The fact that the country faces serious challenges in terms of nation-building has led to China’s adherence to Westphalian sovereignty, since Westphalian sovereignty bases authority on the territorial state rather than on cultural identity. This is also evident by the fact that respect for sovereignty, as well as territorial integrity and national unity, remains the core Chinese national interests.


A list of twelve “core socialist values” was then showed to the audience. Among them appeared: prosperity, rule of law, democracy, patriotism and equality. How do we make of these principles, Liang asked? A plethora of good words reveal the indecisiveness in articulating a Chinese identity.  And it is impossible even in principle to be harmony between all good values, according to Isaiah Berlin. Other charts showed that the percentage of Chinese citizens who believe in the necessity to defend their way of life is significantly lower than its neighboring countries. These figures underlined that the primary goal of Chinese nationalism is not to defend a “Chinese” way of life, Instead, Chinese nationalism concerns itself primarily with enhancing the country’s international status. The promotion of The Double Top University Plan in 2017 or hosting the Olympic Game as it did in 2008 are good examples to illustrate this point.


Is it therefore correct to say that China has adopted Western values?


Alastair Iain Johnson made distinctions between the process of learning and adapting. Learning involves a fundamental change of assumptions and approaches while adapting requires no more than adjusting to changing circumstances. The question is whether China has been learning or adapting.

Some scholars as James Mann argued that a big number of China observers assume economic liberalization would sooner or later lead to political liberalization. That is how engagement policy with China has been sold politically in the United States. Other decision makers like Wesley Clark considered the Chinese approach as an adapting one. Clark stressed that China was not becoming more like a typical Western country, which suggested that it had merely adapted to the external environment, but not learned from it.

Liang asked what if the primary goal of engagement policy – to transform China according to a Western blueprint – cannot be achieved? There is no doubt that China is trying to make contributions to the so-called international society, but it does so in its own way.

Referring to the public speech held by Xi Jinping at the UN Assembly in Geneva in January 2017 titled “Work Together to Build a Community with Shared Future for Mankind”, it appears reasonable to ask what are the principles on which this global community should be founded. Is it possible to build a shared future without liberal internationalism, universalism and cosmopolitanism?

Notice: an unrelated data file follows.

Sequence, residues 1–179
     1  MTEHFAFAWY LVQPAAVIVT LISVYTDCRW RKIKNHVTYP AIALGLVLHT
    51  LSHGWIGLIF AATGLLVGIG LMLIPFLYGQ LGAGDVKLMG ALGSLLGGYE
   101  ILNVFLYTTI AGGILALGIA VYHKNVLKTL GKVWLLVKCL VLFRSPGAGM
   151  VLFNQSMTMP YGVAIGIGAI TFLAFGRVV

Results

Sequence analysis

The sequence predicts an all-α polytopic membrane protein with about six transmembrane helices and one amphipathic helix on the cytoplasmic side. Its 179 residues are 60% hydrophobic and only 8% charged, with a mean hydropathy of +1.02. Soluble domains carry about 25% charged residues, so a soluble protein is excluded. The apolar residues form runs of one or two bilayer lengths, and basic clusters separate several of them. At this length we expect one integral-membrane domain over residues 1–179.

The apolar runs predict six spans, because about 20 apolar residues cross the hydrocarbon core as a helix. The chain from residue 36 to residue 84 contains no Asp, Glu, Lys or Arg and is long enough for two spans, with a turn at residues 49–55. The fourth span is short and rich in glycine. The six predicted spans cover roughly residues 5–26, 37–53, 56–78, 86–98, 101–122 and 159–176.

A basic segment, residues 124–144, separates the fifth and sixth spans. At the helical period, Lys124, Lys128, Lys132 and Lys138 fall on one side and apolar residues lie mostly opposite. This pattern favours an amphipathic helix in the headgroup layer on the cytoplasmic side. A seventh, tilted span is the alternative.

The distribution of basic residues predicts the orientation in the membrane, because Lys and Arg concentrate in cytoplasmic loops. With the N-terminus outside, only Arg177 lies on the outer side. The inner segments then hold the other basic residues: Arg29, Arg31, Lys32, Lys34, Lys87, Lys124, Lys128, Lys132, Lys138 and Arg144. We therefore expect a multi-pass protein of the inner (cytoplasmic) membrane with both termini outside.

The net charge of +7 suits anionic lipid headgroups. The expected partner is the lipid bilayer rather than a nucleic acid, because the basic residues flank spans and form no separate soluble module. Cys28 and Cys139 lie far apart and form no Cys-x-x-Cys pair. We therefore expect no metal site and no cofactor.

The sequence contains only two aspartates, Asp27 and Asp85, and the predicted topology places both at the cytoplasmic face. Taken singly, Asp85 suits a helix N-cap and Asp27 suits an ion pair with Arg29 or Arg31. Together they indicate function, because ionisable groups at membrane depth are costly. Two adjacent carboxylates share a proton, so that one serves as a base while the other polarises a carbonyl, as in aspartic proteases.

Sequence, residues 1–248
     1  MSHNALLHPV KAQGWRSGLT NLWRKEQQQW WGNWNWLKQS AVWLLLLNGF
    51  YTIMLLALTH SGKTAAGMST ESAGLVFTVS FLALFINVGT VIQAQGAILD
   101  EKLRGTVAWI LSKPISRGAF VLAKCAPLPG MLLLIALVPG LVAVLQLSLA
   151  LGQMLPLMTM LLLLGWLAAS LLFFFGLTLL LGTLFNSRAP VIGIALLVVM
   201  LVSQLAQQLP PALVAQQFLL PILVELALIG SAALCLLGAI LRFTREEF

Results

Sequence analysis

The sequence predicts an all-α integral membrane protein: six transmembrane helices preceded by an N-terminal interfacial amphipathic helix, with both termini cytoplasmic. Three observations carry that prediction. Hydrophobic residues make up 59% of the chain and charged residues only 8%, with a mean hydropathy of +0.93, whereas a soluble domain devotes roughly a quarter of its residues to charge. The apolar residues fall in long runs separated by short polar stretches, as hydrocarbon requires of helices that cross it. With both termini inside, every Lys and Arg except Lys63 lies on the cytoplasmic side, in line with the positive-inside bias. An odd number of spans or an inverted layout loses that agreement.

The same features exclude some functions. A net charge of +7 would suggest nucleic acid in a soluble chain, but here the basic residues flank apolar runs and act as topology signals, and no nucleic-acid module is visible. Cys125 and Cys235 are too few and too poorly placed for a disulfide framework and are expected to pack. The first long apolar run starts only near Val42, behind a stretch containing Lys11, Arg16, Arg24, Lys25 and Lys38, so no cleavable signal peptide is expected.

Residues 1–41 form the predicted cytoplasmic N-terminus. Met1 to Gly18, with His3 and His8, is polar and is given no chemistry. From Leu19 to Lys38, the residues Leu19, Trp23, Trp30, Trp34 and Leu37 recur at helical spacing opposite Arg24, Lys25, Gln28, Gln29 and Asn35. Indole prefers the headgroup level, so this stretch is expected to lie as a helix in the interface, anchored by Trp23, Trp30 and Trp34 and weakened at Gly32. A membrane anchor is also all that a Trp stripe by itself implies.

If on one side China is going abroad, supporting a development which promotes cooperation through cultural plans and important infrastructural projects, on the other side it still keeps its own characteristics without being conquered and dominated as were other countries in the past. So nowadays it is difficult to determine which directions Chinese foreign policy will take and which strategies it will adopt in the future. What is sure is that a real change within the political Chinese system will not occur tomorrow, but new outlooks and features will be gained through a process which requires time.


The Q&A  session gave space to a stimulating debate that expressed the expectations and at the same time the uncertainties regarding future developments in global modernity. Liang, however, showed optimism in the future, arguing that despite China may perhaps find itself in the trap of Thucydides, facing an increasing rivalry with the US, at the same time it does not intend to subvert the international order. China is more helpful to the world today and is struggling to improve its soft power. The Belt and Road Initiative was launched in response to the economic threats arising from the TTP (Trans-Pacific Partnership) and through this project China encourages new business routes and promotes economic development. Chinese government tries to enhance its image also abroad doing much effort for the overseas community: through the diaspora, China has the possibility to understand foreign countries and influence them.

At the same time, however, its engagement in Africa and the “peaceful rise discourse” leave us with a big question about China’s real strategic intentions. Can the further increasing engagement in the economic framework stay apart from security? Is China an harmonious nation or does the government use this rhetoric to justify Chinese behavior?

These questions will be answered only in the modernity that will be revealed day by day.


Report written by Alessia Bonato


Related Posts